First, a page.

“Concretely, think of the UN diplomats, corporate managers, or high-level executives… All are materially comfortable, yet their propensity for (1) impersonal honesty (parking illegally… ), (2) universal morality (lying in court to protect their reckless buddies… ), and (3) nepotism (hiring relatives into executive positions) varies immensely and can be explained by our measures of kinship intensity and Church exposure… /But/ national populations that collectively experienced longer durations under the Western Church tend to be (A) less tightly bound by norms, (B) less conformist, (C) less enamored with tradition, (D) more individualistic, (E) less distrustful of strangers, (F) stronger on universalistic morality, (G) more cooperative in new groups with strangers, (H) more responsive to third-party punishment… , (I) more inclined to voluntarily donate blood, (J) more impersonally honest (toward faceless institutions), (K) less inclined to accumulate parking tickets under diplomatic immunity, and (L) more analytically minded.”

Thus, the Church’s policies continue to have a massive impact right into the present time. “Our analyses show that if a region was inside the Carolingian Empire during the Early Middle Ages, its rate of first cousin marriage in the 20th century was minuscule, and probably zero. If the region was outside the Carolingian Empire, as were southern Italy, southern Spain, and Brittany (France’s northwestern peninsula), the rate was higher. In Sicily, there were so many requests for dispensations to marry cousins in the 20th century that the pope delegated special power to the bishop of Sicily to allow marriages between second cousins without the Vatican’s permission.”

And those numbers reveal an even more amazing correlation: “The greater the rate of cousin marriage in a province, the higher the rates of corruption and Mafia activity.”

Individualism, rejection of authority, intellectual independence, willingness to innovate

are, in our time, qualities with positive connotations that almost no one seriously questions. This gives rise to another contrast between Henrich and his two great predecessors, Max Weber and Jared Diamond. Insignificant reservations aside, Joseph Henrich sees a great progress in the social and psychological evolution that has made possible this weird and unique Western path (remember weird = Western, Educated, Industrialized, Rich, Democratic”). His book reads like a paean to this extraordinary historic achievement in which, by the way, the US occupies the top position with regard to most criteria.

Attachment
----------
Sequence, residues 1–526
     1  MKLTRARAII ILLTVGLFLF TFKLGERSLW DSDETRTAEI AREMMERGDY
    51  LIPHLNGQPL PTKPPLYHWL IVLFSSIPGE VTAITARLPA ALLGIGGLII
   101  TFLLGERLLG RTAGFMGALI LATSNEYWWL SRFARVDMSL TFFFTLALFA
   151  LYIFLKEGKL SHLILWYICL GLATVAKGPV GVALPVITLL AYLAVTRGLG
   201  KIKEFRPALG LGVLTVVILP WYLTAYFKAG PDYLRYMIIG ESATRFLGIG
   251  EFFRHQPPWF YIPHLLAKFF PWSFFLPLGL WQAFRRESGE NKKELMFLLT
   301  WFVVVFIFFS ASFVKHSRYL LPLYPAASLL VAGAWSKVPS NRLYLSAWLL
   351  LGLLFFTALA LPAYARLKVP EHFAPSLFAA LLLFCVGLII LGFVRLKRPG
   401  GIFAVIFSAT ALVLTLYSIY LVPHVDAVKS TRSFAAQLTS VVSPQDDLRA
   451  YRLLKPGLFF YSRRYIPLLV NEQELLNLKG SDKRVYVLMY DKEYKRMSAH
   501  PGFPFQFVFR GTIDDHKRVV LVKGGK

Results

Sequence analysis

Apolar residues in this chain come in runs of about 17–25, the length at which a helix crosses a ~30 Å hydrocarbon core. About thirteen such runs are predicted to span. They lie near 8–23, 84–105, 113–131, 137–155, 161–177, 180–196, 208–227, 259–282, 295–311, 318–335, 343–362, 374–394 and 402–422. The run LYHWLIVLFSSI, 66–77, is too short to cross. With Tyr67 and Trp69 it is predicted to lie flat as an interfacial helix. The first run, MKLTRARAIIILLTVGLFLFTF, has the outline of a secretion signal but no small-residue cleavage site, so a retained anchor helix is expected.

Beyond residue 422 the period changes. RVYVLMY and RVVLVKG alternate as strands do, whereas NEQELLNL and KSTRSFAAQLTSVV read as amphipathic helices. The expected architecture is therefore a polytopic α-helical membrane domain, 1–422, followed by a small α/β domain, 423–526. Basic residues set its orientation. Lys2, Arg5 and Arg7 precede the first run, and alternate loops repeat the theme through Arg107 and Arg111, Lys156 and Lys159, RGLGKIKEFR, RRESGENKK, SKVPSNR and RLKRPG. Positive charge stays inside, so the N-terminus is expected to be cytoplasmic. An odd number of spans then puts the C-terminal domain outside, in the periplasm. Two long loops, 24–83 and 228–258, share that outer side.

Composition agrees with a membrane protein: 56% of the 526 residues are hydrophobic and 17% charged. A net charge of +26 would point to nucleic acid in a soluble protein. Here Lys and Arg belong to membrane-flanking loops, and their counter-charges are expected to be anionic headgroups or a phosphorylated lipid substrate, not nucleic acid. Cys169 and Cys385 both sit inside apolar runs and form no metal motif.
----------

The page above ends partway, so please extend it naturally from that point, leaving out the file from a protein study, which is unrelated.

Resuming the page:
In contrast, Max Weber had spoken of the “steel casing of capitalism,” of the impersonality and “loneliness of man” in modern society, and he did not try to conceal the negative aspects of an overwhelming bureaucracy to which it has to submit. To be sure, Henrich mentions the higher suicide rates in Protestant as opposed to Catholic regions, a fact that already attracted Emile Durkheim’s attention, but in his book these limitations only figure as minor blemishes in what on the whole represents a magnificent development of humankind.

As for Jared Diamond, he is far too much of a historian with a deep love of everything concrete that catches his eye to embark on such generalizations. The question is, are they justified? With this question I would like to turn to Henrich’s method.

Henrich treats culture

with the instruments of the natural sciences. He does this in so systematical a way that, in my estimation, more than half of his book of no less than 680 pages is – directly or indirectly – devoted to methodological considerations. Readability suffers from such preoccupation – these considerations together with the accompanying statistics would probably be better off in an appendix – but as a rigorous researcher, Henrich seems to fear nothing so much as to be convicted of lack of seriousness in dealing with causal explanations and statistical evidence. This caution has brought him success. Renowned peers like Francis Fukuyama, Ian Morris, Daron Acemoglu have praised the book: it has definitely earned its place in the wake of Weber and Diamond.